Volcom Inc. said first-quarter net income rose 78.5 percent, helping the action sports apparel and footwear vendor skate past Wall Street’s projections.
The Costa Mesa, Calif.-based firm posted profits of $7.5 million, or 31 cents a diluted share, for the period ended March 31, compared with income of $4.2 million, or 17 cents a share, in the year-ago quarter. Net revenues improved 13.3 percent to $77.4 million, from $68.3 million, a year earlier. Analysts polled by Yahoo anticipated earnings of 19 cents a share on revenue of $73.8 million.
Total revenue in the company’s U.S. segment, including sales from Canada, Japan, other international territories outside of Europe and branded retail stores, improved 13.7 percent to $48.2 million versus year-ago sales of $42.4 million. Revenues in Europe gained 8.8 percent, expanding to $23.6 million, compared with $21.7 million. Sales from Electric, the firm’s eyewear division, totaled $5.6 million, a 33.3 percent increase over last year’s sales of $4.2 million. Gross margin improved to 54.2 percent of sales versus 50.3 percent a year earlier.
On the company call, Richard Woolcott, Volcom’s chairman and chief executive officer, touted strong sales in key categories such as denim, boardshorts and outerwear, but admitted the junior business has been “challenged.”
“The bulk of our juniors business is still facing hurdles,” he said, adding that, coming out of the recession, the company is in “build-back mode.”
Within the next five years, he said the company’s goal is to achieve $500 million in revenue. Last year, Volcom posted sales of $280.6 million.
For the second quarter, the vendor expects per share amounts to range from a loss of 2 cents to a profit of 2 cents on net revenues of between $59 million and $62 million. Analysts are looking for earnings per share of 2 cents on sales of $59.6 million.
“Azzedine has been one of the biggest influences in my life. He has always been such a strong, loving, fatherly figure to me. I call him Papa. His designs are indescribably unique, they are pieces of art. He knew how to make the female form look its loveliest. I have so many memories of him; my favorite might be during my first show with him in Paris. He liked me and he wanted to help me get more work. He called all his friends at Kenzo and Comme des Garcons, and asked them to book me. They said, ‘But she can’t walk!’ And he said, ‘but she has such a great ass!' His friendship and support has been the great privilege of my career. I can't imagine life without him. Repose en paix mon Papa.” - @stephanieseymour tells @wwd. #wwdfashion (📷: @steveeichner) #alaia #azzedinealaia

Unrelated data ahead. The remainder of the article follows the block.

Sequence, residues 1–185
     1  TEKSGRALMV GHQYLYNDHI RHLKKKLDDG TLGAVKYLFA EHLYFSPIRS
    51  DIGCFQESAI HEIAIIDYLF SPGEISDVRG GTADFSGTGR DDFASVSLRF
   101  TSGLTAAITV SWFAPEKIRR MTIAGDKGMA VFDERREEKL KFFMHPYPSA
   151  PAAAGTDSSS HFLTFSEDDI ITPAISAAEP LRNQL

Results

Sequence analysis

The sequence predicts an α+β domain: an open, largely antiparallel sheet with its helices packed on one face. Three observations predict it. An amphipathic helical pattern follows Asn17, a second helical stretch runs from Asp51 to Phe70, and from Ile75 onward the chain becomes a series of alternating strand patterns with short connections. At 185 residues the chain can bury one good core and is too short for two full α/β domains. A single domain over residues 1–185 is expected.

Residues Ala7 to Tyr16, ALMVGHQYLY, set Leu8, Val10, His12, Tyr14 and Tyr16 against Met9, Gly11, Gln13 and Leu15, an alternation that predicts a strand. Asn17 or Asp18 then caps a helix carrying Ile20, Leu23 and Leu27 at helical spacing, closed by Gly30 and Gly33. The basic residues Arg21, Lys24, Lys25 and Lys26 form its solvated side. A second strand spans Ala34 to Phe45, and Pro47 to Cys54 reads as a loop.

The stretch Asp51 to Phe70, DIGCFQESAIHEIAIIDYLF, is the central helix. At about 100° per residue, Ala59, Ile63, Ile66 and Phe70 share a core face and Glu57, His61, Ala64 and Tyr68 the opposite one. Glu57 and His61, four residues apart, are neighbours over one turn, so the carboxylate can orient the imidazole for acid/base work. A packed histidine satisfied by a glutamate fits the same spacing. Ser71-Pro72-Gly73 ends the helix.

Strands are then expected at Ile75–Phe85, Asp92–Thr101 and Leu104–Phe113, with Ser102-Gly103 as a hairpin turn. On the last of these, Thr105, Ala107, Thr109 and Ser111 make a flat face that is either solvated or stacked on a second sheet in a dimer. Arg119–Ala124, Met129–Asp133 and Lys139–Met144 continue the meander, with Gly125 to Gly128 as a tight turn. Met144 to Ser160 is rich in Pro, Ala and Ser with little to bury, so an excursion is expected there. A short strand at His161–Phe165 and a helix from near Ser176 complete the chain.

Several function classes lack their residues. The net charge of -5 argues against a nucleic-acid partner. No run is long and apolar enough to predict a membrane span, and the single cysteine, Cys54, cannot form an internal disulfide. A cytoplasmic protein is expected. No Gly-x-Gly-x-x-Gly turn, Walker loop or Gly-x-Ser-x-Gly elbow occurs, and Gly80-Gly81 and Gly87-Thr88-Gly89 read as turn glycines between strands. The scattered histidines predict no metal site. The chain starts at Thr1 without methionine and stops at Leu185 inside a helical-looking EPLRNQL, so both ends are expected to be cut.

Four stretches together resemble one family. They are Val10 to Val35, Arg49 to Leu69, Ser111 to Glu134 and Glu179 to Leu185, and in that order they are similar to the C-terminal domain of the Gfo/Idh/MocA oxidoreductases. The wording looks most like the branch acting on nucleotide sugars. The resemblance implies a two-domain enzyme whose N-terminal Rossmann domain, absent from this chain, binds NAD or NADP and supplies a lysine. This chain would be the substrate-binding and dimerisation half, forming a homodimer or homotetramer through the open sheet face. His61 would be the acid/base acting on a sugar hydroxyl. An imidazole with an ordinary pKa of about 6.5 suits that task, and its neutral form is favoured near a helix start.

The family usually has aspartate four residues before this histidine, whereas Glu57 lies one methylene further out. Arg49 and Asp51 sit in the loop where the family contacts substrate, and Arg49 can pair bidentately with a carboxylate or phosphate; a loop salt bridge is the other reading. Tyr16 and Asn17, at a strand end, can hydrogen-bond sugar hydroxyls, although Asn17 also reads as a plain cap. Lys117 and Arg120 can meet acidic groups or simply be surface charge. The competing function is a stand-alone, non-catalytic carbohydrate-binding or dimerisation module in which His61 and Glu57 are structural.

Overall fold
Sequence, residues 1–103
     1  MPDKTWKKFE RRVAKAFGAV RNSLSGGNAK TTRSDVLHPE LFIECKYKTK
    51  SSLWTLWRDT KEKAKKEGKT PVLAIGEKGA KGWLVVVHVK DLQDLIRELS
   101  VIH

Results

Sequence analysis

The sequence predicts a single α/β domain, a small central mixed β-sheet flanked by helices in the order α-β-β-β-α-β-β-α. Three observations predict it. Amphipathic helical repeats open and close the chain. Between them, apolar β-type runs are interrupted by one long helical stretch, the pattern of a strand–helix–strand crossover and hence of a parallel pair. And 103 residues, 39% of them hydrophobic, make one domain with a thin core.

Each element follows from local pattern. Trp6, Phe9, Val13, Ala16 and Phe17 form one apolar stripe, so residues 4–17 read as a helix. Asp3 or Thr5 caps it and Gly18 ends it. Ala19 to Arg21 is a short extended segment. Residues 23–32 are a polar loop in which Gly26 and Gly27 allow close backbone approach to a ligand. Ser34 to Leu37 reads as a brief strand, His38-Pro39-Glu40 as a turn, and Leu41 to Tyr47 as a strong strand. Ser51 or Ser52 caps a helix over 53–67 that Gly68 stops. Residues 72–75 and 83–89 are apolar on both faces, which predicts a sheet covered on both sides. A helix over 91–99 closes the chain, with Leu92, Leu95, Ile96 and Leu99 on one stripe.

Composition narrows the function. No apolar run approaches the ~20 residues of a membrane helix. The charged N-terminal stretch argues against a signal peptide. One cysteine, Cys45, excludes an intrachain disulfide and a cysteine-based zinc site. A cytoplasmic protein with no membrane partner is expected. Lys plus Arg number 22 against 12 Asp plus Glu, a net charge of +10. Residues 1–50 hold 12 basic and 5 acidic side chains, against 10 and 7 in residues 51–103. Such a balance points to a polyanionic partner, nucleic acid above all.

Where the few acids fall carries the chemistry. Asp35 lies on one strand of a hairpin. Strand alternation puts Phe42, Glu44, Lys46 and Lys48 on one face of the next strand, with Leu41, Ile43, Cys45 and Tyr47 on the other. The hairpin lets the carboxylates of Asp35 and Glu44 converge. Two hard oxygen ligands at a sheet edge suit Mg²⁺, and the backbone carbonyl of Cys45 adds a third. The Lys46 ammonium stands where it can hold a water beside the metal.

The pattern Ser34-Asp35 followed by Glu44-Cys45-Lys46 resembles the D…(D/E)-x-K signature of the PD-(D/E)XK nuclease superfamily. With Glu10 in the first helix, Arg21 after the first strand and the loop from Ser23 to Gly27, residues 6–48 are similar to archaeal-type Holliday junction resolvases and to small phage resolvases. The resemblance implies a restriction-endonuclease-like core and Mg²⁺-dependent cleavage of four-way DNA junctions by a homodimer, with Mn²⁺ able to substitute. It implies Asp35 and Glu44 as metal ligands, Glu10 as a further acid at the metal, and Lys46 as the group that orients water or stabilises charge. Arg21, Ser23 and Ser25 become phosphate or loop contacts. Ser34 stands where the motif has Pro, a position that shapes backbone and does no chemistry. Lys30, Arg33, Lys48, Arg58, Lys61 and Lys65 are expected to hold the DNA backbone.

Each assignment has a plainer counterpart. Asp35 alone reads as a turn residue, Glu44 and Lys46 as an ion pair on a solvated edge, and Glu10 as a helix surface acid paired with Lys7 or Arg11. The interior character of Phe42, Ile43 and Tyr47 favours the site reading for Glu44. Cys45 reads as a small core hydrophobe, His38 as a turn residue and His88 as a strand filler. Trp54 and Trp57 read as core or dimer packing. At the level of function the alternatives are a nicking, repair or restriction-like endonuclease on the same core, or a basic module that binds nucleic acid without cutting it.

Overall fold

Azzedine Alaïa, flanked by two of his closest friends, models Stephanie Seymour and Naomi Campbell.
He designed Seymour’s dress for her 1995 wedding to Peter Brant, and treated Campbell (who famously called him Papa), like a daughter. For more on the legendary designer, tap the link in bio. #wwdfashion #alaia #azzedinealaia
Azzedine Alaïa's “I-did-it-my-way” ethos stood out starkly at a time when brands are experimenting with consumer-facing fashion shows, coed formats and trans-seasonal collections – anything to perk up lackluster sales of ready-to-wear in an age of Insta-everything. “It’s not creation anymore. This becomes a purely industrial approach,” the late designer told WWD in an interview last year. “But anyway, the rhythm of collections is so stupid. It’s unsustainable. There are too many collections.” Read more about the iconic designer’s life and work on wwd.com, link in bio. #wwdfashion #azzedinealaia (📷: @WWD Archive, 1986) #alaia
Sneaker reselling app @goat’s latest exhibit, "The Greatest: New York," tells the story of New York's sneaker culture. To celebrate the exhibit, an intimate crowd gathered on Thursday night at the pop-up gallery space, located at Platform in Culver City, to hear guest speaker and illustrator @esymai talk about her own rise in streetwear and women in the business. "For me I'm just someone who is creative. I like to create things," said Chang. #wwdfashion
Azzedine Alaïa, one of the most iconic couturiers of the modern era whose body-con designs defined Eighties fashion, has died in Paris. The diminutive Tunisian-born designer, known for his structured knitted dresses with fitted waists and impeccably cut, figure-hugging second skin silhouettes was deeply admired by his peers, and counted supermodel Naomi Campbell - his adoptive daughter - among his inner circle, one of a gang of glamazons including Farida Khelfa, Carla Bruni and Stephanie Seymour who became ambassadors of his style. (📷: Alexandre Guirkinger) #wwdblast